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View Diary: Illinois: 18D-0R US House map (40 comments)

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  •  It is obvious that to improve the % of Dem vote (0+ / 0-)

    in some districts, it is necessary to take the these votes from other districts. And from an egoistic point some representatives can object the map.

    If an incumbent US Representative can not win a 57.6% Obama 2008 district... well... maybe he/she deserve to lose.

    The risk of losing a 57.6% Obama 2008 district is very low, even in Illinois. As I commented before, to concede one district to the Republicans with a 44.6% Obama 2008 level of vote, only would up a 1% the percentage of the rest of the districts in 57.6%. To concede two districts to the Republicans with a 45.6% Obama 2008 level of vote, only would up a 2% the percentage of the rest of the districts (until a 59.6%). Knowing that, I think it is better to concede not these districts because I see not a solution with it because the risk of losing one or two seats with this level of Democratic vote is a lot lower than the effect of conceding one or two districts to the Republicans. In this case to concede some seat to the Republicans would not have a strong effect improving the rest of the districts. This is habitual in states with high number of districts.

    In the other hand, to concede to the Republicans one or two districts would make the mapa nicer. But still without the my requirement of assigning a district to concrete not incumbents the map can be a lot nicer too.

    •  I see your point, but the fact is... (0+ / 0-)

      No legislature draws maps like yours, regardless of whether it is controlled by Democrats or Republicans. Even the Ohio and Pennsylvania Republicans allowed a few Democratic "vote sinks" (and not just the couple needed to have African American majority districts).  Getting secure seats for your existing Representatives is always the first priority.  After that comes winning seats you almost won last time (in Illinois, that would notably include defeating Bob Dold in the 10th, which would not have happened with your map, and defeating Bobby Schilling in the 17th, which would have been a very close call).  Only then do you look at going after previously "safe" seats for the other party.  And once again I would have to disagree that if you look at the 2012-2022 decade as a whole, and remember it is likely to have some Republican-leaning years, that "The risk of losing a 57.6% Obama 2008 district is very low, even in Illinois."  Tell that to Phil Hare, who lost by eleven points in 2010!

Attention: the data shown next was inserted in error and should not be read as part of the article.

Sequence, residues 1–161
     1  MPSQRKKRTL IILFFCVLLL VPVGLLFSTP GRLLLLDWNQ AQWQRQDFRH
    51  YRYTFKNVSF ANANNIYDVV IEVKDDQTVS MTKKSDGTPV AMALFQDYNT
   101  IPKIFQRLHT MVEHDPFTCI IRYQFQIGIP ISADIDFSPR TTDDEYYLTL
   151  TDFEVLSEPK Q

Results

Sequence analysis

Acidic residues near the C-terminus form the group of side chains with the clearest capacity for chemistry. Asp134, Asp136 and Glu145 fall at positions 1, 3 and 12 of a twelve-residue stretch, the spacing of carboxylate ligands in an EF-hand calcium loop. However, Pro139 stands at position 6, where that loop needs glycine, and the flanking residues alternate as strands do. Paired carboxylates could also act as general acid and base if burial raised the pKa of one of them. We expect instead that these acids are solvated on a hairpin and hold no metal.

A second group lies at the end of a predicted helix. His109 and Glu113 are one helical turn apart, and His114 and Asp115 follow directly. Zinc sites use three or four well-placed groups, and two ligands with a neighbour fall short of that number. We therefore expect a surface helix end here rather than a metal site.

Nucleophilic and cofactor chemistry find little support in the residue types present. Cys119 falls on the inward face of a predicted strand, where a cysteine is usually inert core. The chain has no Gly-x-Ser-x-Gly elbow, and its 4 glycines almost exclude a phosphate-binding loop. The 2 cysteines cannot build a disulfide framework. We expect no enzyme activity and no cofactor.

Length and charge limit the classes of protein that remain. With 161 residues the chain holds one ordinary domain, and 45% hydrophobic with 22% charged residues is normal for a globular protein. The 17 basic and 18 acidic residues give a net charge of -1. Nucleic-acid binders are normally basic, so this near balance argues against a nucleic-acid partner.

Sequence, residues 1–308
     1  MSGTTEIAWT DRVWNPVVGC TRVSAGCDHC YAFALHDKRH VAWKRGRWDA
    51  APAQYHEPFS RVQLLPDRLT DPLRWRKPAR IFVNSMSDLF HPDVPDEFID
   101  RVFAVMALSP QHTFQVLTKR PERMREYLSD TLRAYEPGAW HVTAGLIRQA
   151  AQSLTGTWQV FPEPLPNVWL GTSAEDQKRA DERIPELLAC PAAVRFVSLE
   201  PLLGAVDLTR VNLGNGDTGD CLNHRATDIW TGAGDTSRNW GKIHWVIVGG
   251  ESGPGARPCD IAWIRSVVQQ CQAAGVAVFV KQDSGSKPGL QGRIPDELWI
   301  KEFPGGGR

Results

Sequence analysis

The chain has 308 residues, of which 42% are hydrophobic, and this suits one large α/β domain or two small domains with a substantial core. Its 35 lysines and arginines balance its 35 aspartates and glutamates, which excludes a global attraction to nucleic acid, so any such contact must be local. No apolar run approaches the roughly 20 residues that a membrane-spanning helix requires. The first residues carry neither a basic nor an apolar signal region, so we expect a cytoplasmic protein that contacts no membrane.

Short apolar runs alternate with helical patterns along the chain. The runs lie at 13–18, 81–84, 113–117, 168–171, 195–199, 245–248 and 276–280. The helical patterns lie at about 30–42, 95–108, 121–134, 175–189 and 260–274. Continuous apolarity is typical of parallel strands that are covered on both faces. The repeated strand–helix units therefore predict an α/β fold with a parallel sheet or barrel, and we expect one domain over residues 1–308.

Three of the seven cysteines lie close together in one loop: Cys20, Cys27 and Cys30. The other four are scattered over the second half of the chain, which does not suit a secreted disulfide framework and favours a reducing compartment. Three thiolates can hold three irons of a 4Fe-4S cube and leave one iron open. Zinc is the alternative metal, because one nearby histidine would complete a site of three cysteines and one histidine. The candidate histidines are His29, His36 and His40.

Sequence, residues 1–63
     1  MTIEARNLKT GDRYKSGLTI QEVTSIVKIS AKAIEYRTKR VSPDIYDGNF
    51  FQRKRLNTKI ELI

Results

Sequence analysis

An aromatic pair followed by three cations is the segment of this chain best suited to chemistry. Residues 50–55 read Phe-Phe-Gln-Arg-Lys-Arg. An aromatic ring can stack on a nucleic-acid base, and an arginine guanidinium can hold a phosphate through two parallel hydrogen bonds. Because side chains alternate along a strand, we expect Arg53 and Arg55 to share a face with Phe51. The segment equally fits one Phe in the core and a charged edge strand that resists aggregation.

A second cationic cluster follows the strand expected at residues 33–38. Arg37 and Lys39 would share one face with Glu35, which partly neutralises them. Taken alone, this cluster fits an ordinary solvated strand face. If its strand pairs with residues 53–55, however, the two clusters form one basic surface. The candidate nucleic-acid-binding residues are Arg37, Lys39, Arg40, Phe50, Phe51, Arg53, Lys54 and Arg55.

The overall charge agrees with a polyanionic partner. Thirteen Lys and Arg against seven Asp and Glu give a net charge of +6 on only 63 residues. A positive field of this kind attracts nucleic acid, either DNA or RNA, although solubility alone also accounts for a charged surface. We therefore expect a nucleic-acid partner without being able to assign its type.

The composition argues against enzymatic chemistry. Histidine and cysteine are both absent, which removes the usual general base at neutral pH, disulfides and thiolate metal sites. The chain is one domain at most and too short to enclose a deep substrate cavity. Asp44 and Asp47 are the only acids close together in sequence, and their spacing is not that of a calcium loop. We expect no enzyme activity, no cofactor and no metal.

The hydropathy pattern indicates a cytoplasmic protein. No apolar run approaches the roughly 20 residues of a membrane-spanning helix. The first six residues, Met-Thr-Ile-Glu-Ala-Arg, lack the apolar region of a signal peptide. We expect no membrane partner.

Anyway, making the 4th only 45% Hispanic in its voting-age population (which means that it would be considerably less than 45% in the number of actual Hispanic voters, since many Hispanics are not US citizens) would by itself be enough to kill your map.

      •  The fact is that this is a theorical map finding (0+ / 0-)

        the limits. It is not a map with other purposes.

        Also, there is other interesting question. These districts are 57.6% Obama 2008, but most of them have a strong basis of voters from Chigago. These voters are very to the left of the average in the state, and very to the left of a no Chicago district like IL-17 in 2010. This mean that in these districts it is a lot less likely to see voters of this 57.6% changing for voting to a Republican. In fact the district would be very polarized, with very few voters in the center. (Also most of the Republican voters from these 57.6% districts would be from the rural areas of these districts, and would be far to the right of the Republican average.

        This mean that the Districts of this map would be a lot more solidly Democratic than IL-17 in 2010.

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